Babies who share a placenta (monochorionic pregnancies) also share the blood supply from the placenta. In around 15 in 100 (15%) monochorionic pregnancies, the blood flow to the babies may be unbalanced. This is called twin-to-twin transfusion syndrome (TTTS).Triplet pregnancies can also be affected by this. One baby, the ‘donor’, receives too little blood while the other baby, the ‘recipient’, receives too much blood. It can be mild and may not require any treatment, or it can be serious, in which case you will be offered treatment in a hospital with specialist expertise. You will be monitored with frequent scans for signs of TTTS.
If you notice any of the following you should contact your healthcare professional immediately:
- sudden abdominal pain and/or swelling
- sudden breathlessness
- change in the babies’ movements.
You will be under the care of a specialist healthcare team throughout your pregnancy. This should include a doctor, a midwife and a sonographer who specialise in multiple pregnancies. You will be offered additional support as you need it from other team members, which may include dieticians, physiotherapists, mental health specialists, health visitors and infant feeding specialists. You will have an individualised plan of care for your pregnancy and birth that will include additional visits to the antenatal clinic and extra growth scans for the babies. You should be given information about what to expect from having a multiple pregnancy and a detailed plan of care at your first appointment with your specialist team. This should be by the time you are around 16 weeks pregnant. Sometimes referral to a specialised fetal medicine unit, which may be in a different hospital, may be recommended.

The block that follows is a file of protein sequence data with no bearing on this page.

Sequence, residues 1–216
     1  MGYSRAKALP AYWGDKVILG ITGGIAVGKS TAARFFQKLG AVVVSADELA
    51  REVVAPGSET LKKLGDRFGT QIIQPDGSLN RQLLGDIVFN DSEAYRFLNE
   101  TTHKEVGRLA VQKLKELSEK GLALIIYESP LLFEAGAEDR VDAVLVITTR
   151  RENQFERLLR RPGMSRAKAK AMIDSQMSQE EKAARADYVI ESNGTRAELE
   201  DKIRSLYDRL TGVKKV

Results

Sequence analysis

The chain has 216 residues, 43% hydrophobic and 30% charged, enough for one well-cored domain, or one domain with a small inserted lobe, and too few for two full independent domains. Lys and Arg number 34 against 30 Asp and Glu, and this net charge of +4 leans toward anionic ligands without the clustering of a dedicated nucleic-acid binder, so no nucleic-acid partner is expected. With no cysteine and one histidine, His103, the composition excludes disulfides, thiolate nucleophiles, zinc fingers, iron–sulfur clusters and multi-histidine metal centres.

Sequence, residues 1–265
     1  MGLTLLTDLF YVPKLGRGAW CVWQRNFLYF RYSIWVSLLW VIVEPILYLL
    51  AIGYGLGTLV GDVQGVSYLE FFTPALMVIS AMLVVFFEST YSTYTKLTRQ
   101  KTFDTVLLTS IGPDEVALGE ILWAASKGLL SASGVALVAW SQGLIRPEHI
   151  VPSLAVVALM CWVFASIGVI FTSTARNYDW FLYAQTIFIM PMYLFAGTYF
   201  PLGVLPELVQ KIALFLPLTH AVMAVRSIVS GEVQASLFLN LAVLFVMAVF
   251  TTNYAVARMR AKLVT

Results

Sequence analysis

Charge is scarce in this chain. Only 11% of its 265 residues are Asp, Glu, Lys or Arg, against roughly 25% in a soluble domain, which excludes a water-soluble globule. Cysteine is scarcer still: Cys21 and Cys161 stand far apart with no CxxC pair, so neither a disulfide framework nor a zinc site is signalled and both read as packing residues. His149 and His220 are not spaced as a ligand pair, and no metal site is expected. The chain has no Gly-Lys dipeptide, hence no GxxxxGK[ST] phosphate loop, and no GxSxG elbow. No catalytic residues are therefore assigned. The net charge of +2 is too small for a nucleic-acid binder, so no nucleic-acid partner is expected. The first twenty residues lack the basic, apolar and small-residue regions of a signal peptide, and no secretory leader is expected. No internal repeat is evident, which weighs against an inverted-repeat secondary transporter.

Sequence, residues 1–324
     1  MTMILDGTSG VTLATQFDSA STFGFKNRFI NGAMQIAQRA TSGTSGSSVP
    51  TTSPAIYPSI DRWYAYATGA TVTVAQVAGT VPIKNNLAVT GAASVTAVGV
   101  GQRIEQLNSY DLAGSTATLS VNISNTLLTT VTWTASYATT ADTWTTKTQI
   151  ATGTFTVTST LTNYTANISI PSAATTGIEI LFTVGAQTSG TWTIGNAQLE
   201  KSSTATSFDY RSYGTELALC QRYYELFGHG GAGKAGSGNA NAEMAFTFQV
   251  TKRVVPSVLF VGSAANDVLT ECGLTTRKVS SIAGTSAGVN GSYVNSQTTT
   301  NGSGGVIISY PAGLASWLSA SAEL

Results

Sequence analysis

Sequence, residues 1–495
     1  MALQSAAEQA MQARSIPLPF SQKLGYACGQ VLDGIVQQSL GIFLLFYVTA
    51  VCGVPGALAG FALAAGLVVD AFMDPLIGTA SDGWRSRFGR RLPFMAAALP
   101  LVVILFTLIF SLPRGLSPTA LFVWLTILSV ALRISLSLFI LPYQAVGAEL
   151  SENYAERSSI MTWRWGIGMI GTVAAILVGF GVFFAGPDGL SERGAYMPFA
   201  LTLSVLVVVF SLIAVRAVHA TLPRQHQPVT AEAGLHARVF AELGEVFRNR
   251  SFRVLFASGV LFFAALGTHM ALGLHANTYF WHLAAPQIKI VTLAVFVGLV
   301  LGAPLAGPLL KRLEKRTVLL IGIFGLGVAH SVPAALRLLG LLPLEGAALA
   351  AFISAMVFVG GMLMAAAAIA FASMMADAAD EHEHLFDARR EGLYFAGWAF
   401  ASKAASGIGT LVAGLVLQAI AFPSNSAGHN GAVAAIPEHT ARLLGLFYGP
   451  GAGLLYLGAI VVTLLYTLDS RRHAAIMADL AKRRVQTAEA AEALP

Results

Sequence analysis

For further information, see Twins Trust: https://twinstrust.org/let-us-help/pregnancy-and-birth/ preparing-for-birth/antenatal-care/care-pathway.html.